In addition to a three-year prison sentence, Fitt received a five-year driving prohibition to be served following his release.

Prohibitions can be imposed on professional drivers in the interests of “public safety”

Here in BC, the Superintendent of Motor Vehicles issues most driving prohibitions. Under the Motor Vehicle Act, the Superintendent of Motor Vehicles can do so, with or without a hearing, if they consider it to be in the interests of public safety. They might feel it is necessary to remove a driver from the road because they spend more time driving than most people and therefore pose a greater risk. The lengths of prohibitions are really down to either a judge’s or the Superintendent’s discretion and there is no maximum limit of what they could be. This has led to inconsistency when it comes to driving prohibitions.

In this case, a professional driver had his 12-month suspension for driving without due care and attention reduced to six months on appeal. An earlier judge at provincial court had said: “Obviously, you are a professional driver and so should be more aware than most of us really about the dangers that are presented when people drive as badly as you have done in the past and did do on this occasion.”

He added the prohibition was not punitive, but rather to protect the “innocent driving public” from the danger presented by the driver, who had 25 moving violations within a 20-years span, with two post-offence violations.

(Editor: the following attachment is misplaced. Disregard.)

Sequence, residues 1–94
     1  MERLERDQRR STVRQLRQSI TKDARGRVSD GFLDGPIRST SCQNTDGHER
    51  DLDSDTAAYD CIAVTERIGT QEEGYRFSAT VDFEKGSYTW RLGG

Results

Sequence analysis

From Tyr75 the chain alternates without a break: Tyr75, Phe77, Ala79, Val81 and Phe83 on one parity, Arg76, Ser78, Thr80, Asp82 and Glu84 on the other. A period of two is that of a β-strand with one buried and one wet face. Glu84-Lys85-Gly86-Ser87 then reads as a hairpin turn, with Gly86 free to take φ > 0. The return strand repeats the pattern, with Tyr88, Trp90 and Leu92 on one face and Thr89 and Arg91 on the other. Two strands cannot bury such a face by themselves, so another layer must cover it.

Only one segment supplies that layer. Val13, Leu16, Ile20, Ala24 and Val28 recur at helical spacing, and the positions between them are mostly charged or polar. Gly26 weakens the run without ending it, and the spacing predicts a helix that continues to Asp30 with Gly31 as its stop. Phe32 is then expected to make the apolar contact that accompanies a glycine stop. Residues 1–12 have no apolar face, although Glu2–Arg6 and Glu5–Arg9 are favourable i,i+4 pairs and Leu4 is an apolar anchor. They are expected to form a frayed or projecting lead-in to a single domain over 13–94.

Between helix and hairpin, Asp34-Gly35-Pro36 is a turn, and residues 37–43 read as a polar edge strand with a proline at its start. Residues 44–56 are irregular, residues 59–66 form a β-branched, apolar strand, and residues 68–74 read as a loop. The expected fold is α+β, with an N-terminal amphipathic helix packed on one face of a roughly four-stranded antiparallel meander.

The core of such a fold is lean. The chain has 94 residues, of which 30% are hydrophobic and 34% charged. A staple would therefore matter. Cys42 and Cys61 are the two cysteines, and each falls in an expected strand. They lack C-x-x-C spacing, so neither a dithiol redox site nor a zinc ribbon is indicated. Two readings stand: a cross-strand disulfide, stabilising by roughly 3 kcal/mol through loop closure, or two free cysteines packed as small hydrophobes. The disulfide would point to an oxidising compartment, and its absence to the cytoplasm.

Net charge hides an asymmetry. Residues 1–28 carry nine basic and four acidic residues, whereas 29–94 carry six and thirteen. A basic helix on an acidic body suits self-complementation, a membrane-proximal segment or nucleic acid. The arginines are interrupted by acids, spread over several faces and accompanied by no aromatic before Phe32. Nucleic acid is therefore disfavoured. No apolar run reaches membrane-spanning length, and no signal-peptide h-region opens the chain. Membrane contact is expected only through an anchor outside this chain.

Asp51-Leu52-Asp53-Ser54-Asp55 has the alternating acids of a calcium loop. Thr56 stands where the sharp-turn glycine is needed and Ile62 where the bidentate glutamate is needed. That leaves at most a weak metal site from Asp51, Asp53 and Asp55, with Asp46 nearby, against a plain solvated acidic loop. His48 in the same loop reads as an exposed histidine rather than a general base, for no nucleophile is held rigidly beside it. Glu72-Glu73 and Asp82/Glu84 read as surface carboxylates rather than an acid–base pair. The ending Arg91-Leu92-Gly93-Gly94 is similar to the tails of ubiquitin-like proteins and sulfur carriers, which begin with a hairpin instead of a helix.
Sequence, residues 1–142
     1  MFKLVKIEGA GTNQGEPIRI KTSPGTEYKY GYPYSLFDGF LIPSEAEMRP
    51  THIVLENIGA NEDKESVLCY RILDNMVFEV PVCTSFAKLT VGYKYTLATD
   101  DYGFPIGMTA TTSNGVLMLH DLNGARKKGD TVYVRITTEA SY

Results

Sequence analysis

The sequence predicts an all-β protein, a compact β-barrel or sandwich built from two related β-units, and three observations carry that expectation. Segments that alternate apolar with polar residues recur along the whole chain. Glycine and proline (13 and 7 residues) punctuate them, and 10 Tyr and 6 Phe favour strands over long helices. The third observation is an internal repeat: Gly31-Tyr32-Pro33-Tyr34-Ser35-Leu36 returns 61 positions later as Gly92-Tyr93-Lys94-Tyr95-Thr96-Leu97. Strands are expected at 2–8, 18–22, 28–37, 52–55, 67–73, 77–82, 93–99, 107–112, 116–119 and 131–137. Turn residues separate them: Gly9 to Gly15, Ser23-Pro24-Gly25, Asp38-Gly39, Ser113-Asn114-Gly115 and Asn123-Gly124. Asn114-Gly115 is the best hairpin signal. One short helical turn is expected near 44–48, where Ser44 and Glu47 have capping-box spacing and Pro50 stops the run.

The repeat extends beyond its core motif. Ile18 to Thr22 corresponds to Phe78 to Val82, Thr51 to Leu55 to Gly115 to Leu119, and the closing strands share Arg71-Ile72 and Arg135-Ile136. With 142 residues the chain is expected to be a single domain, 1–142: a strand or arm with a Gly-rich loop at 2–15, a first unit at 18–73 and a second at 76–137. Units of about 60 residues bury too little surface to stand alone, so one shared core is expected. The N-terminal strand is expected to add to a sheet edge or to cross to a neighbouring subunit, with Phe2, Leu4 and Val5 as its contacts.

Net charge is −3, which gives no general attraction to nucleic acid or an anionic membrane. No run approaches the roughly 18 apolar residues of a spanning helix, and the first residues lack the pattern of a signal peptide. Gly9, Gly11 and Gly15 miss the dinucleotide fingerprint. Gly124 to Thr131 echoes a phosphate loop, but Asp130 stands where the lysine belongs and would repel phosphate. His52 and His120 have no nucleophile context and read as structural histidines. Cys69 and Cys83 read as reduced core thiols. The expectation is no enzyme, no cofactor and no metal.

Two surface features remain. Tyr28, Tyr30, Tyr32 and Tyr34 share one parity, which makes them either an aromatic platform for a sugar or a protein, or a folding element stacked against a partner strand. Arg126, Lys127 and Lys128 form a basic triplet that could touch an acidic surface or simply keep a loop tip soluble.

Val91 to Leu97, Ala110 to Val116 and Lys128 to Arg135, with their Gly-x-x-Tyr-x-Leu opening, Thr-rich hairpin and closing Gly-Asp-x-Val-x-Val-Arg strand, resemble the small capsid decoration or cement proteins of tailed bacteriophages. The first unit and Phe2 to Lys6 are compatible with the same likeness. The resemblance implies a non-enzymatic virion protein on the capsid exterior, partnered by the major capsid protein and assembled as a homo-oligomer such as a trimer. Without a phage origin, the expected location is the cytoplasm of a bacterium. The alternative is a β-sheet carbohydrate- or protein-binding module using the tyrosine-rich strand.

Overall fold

On appeal at BC Supreme Court, the driver defended his driving history by saying as a professional driver he would put on many more “driving kilometres” than most people. The Supreme Court judge took this into account, when he said: “The appellant’s record of driving violations is extensive, but it extends over many years in a context of a high volume of driving.”

So although harsher sentences, such as longer driving prohibitions, may be given in the interests of public safety, there may be some acknowledgement of the high volume of driving creating more chances to make mistakes.

If driving is their livelihood, can professional drivers use it as a defense?

Professional drivers are held to a higher standard and because they spend more time on the road and it can be argued those who repeatedly offend pose a greater threat to public safety. However, in their eagerness to make an example of these drivers, courts can be a little overzealous with suspensions.

To someone with no other skills or means of making a living, a driving prohibition can represent the loss of one’s livelihood and ability to provide for their family. But can you use argue this point in mitigation against a harsh sentence?

In this Supreme Court case, an aircraft mechanic, whose driver’s license was a condition of his employment, had his two-month suspension for speeding reduced to 21 days. The judge noted the ban would have impacted on the mechanic’s means of earning money and even questioned the impartiality of the lower court judge whose “aura of impatience” prevented the appellant from fully explaining his circumstances.

At BC Driving Lawyers, we defend all driving infractions and prohibitions. If you are a professional driver who faces the loss of your licence or even your job, it’s important you get professional help to prevent that from happening. The potential loss of your livelihood can be daunting, but you have rights. We have defended countless professional drivers in court and successfully argued against unfair punishment and had driving prohibitions reduced, cancelled or overturned.

Call us at 604-608-1200.